Sciatica is the word used to express the sensations of pain, tingling, numbness, and or weakness felt in the leg that originates from the lower back and transitions through the buttock and down the back of the leg via the sciatic nerve.
Sciatica is an underlying issue within your lower back. Sciatica symptoms occur with low back issues such as spinal stenosis, spondylolisthesis, lumbar herniated disc, or degenerative disc disorders.
Anything that compresses or affects the sciatic nerve creates the pain and symptoms associated with the term.
Sciatic Nerve Pain Characterized
These are the most common symptoms reported by those who suffer from sciatica.
- Nonstop pain one only one side of the hip/buttock or leg – It’s rare to manifest on both sides
- A sharp pain makes it burdensome to stand up or walk
- Pain that emanates down the leg and potentially the foot and toes – It’s rare to occur in only one foot
- Pain that worsens upon sitting
- Burning, searing, or tingling pain down the leg – Not a dull pain
- Numbness or weakness that makes it difficult to move your leg, foot, or toes
Pain caused by something happening with the sciatic nerve can range from occasional to perpetual to immobilizing. The pain or sensations are commonly based on the location of the affected pinched nerve.
It is uncommon for sciatica to cause permanent nerve damage, regardless of how painful or debilitating the problem is. However, spinal cord issues may occur in rare cases.
The Course Sciatic Pain Takes
It is rare for a person to experience sciatic nerve pain before the age of 20, but it can happen. It becomes more prevalent between the ages of 40 and 50.
Back injuries or trauma aren’t the cause of sciatica. It seems to develop over a period of time.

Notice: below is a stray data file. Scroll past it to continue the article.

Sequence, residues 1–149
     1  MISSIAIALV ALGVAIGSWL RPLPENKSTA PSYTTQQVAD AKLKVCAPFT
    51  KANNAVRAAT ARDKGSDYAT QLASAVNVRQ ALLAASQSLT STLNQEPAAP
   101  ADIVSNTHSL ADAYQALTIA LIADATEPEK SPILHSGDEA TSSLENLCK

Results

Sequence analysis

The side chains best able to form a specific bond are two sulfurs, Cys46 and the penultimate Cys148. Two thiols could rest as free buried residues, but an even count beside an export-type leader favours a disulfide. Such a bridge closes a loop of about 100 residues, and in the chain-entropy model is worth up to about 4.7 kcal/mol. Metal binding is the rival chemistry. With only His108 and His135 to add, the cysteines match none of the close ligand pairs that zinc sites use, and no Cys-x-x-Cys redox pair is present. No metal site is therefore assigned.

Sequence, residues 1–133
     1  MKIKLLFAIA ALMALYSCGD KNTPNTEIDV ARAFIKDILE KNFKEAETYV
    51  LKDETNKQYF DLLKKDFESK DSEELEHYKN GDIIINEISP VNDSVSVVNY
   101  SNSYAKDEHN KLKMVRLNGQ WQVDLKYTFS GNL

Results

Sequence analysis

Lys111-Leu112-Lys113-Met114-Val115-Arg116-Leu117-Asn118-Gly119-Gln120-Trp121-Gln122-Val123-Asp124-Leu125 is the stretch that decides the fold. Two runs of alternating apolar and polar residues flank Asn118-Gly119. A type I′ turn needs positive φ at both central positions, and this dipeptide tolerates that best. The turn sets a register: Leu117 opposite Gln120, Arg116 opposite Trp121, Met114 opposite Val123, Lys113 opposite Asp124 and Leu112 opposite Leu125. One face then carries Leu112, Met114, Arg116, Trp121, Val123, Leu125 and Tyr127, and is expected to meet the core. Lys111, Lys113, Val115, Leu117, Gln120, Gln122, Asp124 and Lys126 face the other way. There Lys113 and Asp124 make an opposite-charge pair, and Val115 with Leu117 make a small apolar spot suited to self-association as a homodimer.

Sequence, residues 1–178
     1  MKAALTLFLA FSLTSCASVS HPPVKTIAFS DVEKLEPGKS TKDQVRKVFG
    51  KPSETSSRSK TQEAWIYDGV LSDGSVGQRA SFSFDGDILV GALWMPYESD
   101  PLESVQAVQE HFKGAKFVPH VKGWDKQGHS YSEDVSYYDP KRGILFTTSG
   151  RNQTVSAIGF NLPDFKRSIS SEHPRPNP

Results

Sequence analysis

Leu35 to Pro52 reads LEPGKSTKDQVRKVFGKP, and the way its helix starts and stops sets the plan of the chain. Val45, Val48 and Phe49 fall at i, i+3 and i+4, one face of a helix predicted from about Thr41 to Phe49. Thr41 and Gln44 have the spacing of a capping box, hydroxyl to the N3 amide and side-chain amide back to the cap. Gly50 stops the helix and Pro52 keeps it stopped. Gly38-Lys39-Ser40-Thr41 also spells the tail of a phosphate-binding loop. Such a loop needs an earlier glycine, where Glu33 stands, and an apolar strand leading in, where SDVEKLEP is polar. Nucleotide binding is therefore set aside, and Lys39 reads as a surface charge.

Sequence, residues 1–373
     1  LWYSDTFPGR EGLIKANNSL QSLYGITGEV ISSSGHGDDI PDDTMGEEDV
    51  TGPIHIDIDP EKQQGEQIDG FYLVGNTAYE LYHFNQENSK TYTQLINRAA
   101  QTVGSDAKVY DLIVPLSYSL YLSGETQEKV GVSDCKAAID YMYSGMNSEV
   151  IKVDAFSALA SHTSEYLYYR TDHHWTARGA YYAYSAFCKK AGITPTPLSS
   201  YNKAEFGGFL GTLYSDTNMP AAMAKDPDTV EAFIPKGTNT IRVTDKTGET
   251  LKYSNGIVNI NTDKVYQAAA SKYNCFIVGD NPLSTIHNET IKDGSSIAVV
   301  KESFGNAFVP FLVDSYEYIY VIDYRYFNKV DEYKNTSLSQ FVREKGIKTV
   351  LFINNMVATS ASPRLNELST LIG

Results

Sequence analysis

Most people find quick relief within a few days or weeks with no treatment other than pain medication or chiropractic adjustment. Surgery is seldom a treatment for sciatica unless the leg pain is severe and disabling.
Medical care is advised for this nerve pain to monitor it and ensure it isn’t a symptom of a major illness.
When Sciatica Gets Serious
A few sciatica symptoms occur rarely, but require urgent medical care, and potentially surgery.
Progressive neurological issues such as bladder or bowel dysfunction or leg weakness are signs of something beyond sciatic nerve pain and could be a symptom of something like spinal tumours or infections.
Treating sciatica involves finding the underlying cause of the problem and treating that to reduce pain and to prevent its recurrence. Self-care and nonsurgical treatments are the most common methods used for treating sciatica.
Rarely, persistent and treatment-resistant sciatic nerve pain that causes bodily dysfunctions may require surgical intervention.
If you suffer from pain or numbness, weakness, or burning sensations radiating from your hip/buttocks and down the back of your leg, it’s recommended that you see your doctor.
It’s crucial that you find out what is causing it and rule out anything serious, even though most cases require nothing more than bed rest, pain medications, or other self-care measures.